Sport

The joy of living through the style and beauty of the Wenger era: where football became art

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Tristan Cross
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Arsene Wenger celebrates

A lifetime of Arsene Wenger: in a series of articles, we study the many facets of the 22 year-long reign of Arsene Wenger at Arsenal

“The only way to deal with death is to transform everything that precedes it into art.” - Arsène Wenger, paraphrasing ‘a philosopher’ (quite possibly Ralph Waldo Emerson.)

I will never know how lucky I am. I started supporting Arsenal as a 6-year-old, Arsène Wenger’s first full season at the club. In my living memory, Arsenal have always played the best football. You can add the ‘on their day’ caveat to acknowledge that we don’t always turn up, or argue that, um, actually, Barcelona have been much better during that time, or make a case for any other Pep Guardiola side, or whichever team appeals to you, but I don’t care. I support Arsenal, and so to me, they have always played the best football. On their day.

Before Arsène Wenger, fans would famously chant “boring, boring Arsenal” at us, because we notoriously played, simply, the most boring football. It’s even a boring chant. That’s how insipid we were. Or, at least, I can imagine we were. Because I never knew this Arsenal. The football played by Arsène Wenger’s Arsenal has been variously exhilarating in its tempo, mesmerising in its grace, exasperating in its failings, irresistible at its best and abject at its worst, but never boring.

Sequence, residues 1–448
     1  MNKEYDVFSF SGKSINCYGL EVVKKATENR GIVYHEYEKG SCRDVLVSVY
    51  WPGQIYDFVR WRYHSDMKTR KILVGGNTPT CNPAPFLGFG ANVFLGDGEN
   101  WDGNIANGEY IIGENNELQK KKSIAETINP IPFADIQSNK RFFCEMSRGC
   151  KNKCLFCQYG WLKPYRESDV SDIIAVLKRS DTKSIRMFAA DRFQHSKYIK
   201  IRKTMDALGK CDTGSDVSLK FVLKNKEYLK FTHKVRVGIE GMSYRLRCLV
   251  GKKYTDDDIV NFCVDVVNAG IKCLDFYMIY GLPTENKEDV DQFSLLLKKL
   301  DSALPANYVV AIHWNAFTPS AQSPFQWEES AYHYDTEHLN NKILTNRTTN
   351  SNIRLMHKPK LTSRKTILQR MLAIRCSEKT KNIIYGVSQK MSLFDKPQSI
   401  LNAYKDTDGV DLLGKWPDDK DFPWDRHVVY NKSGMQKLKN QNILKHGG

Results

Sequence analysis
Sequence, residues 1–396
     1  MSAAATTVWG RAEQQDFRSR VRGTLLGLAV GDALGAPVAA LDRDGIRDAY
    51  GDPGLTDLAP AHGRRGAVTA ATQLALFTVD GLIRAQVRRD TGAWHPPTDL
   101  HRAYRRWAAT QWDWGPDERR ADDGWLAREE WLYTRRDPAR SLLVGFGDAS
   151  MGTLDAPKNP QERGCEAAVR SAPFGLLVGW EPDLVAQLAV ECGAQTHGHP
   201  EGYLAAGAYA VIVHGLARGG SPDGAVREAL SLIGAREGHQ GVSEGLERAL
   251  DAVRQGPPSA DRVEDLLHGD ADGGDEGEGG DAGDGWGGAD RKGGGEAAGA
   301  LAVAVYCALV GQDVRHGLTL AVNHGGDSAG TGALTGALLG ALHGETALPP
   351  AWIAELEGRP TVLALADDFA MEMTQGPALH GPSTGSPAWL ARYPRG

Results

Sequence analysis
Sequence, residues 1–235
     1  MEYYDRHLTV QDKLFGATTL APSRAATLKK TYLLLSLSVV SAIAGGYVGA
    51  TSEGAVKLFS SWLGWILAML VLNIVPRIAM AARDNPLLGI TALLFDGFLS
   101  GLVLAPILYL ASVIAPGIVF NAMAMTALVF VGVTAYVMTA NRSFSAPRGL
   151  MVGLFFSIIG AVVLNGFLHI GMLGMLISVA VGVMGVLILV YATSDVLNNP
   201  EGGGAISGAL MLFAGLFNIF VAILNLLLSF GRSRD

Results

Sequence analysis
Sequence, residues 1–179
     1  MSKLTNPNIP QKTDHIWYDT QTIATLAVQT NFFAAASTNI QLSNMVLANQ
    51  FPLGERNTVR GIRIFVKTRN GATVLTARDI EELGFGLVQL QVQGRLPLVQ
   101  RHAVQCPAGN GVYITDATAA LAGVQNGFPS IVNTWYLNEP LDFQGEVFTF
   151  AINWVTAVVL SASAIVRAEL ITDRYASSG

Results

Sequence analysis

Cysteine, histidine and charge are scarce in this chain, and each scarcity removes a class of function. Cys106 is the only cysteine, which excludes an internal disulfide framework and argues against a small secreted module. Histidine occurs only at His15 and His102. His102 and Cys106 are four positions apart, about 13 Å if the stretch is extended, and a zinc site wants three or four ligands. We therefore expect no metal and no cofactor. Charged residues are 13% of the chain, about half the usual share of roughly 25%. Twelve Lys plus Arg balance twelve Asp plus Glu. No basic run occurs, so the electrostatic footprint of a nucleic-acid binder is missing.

Wenger hated boring. Observing a trend of Premier League sides deploying a 4-5-1 formation with a lone striker in the mid-noughties, he witheringly noted: “It is very efficient but it is very boring for the spectators.” The system was producing results for title rivals Manchester United, but these were conservative 1-0 wins, and though he would be reticent to ever say it outright, winning by military precision and procession was antithetical to Wenger’s core beliefs.

He would also be sure to assert that his Arsenal sides didn’t produce a carbon copy of Rinus Michels’ Total Football, though it’s perhaps fair to say they’ve been playing his own interpretation of the philosophy. Wenger saw an opportunity in the attributes of the Premier League to do something different with the system. The game was played far more frantically and physically in England than elsewhere in Europe. Wenger sought to harness this physicality and combine it with the Total Football ethos. His ideal player was one who could keep pace with the breakneck speed of the division, while maintaining supreme technique - Thierry Henry, for instance.